George III - a most conscientious king

George III tends to be remembered for two things: his periods of insanity and the loss of the American colonies. There was much more to him than that, as Alistair Lexden emphasised in his first letter of 2020, published in The Daily Telegraph on January 8, commenting on an exhibition to be held at Kew to mark the 200th anniversary of his death. Accompanied by a picture of a statue of him in Weymouth, it was the principal letter in the paper on that day.

SIR - It is very good that George III is to be the subject of an exhibition that will “seek to redefine what is known about the monarch” (report, January 3).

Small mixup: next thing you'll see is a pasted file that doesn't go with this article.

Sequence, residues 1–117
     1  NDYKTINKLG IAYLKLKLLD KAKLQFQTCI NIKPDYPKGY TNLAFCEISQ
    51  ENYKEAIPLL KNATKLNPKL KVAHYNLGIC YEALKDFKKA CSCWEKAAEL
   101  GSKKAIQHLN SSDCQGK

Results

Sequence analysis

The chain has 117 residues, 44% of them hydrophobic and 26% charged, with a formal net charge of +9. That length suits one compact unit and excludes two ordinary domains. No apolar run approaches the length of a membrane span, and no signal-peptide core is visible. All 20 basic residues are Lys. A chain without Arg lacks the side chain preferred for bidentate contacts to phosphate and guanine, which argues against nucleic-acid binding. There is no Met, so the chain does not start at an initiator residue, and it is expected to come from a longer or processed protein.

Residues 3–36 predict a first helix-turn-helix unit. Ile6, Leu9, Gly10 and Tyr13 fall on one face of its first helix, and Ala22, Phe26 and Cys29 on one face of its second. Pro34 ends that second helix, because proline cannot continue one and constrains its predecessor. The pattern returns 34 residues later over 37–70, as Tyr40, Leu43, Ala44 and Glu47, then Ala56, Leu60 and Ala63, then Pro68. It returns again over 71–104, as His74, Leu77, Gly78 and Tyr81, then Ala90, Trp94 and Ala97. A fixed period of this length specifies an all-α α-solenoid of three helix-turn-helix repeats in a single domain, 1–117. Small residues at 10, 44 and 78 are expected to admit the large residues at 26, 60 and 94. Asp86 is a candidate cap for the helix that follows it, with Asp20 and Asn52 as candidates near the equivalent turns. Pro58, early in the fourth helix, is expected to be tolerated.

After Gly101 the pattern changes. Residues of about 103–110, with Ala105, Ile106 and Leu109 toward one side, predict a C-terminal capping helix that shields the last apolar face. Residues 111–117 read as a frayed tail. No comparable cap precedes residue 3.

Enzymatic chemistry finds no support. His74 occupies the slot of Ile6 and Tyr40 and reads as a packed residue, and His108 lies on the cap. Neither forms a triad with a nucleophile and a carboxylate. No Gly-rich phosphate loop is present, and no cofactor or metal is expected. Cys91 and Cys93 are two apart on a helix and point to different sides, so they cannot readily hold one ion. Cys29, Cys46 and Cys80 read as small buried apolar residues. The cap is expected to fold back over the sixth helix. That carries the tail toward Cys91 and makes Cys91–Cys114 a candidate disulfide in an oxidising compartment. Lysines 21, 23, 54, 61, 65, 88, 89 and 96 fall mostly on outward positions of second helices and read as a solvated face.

That should include his remarkable stamina and devotion to state affairs. It was his habit to rise at six in the morning to deal with ministerial papers that had arrived overnight. After a morning ride, breakfast and divine service, he worked until eight-thirty in the evening, with a break in the afternoon for public occasions such as receptions for ministers and courtiers. He wrote all his own letters and policy papers until 1805 when failing eyesight compelled him to use a secretary. He was the only Hanoverian monarch to keep up such a strict daily routine, playing the flute, harpsichord or piano in the evenings for recreation.

A leading authority on the period, Professor Peter Jupp, concluded that “by the end of the 1770s he was probably the best-informed statesman of his time on the full range pf policy issues.” Sadly, mastery of detail was not always rewarded by political success.

Lord Lexden
London SW1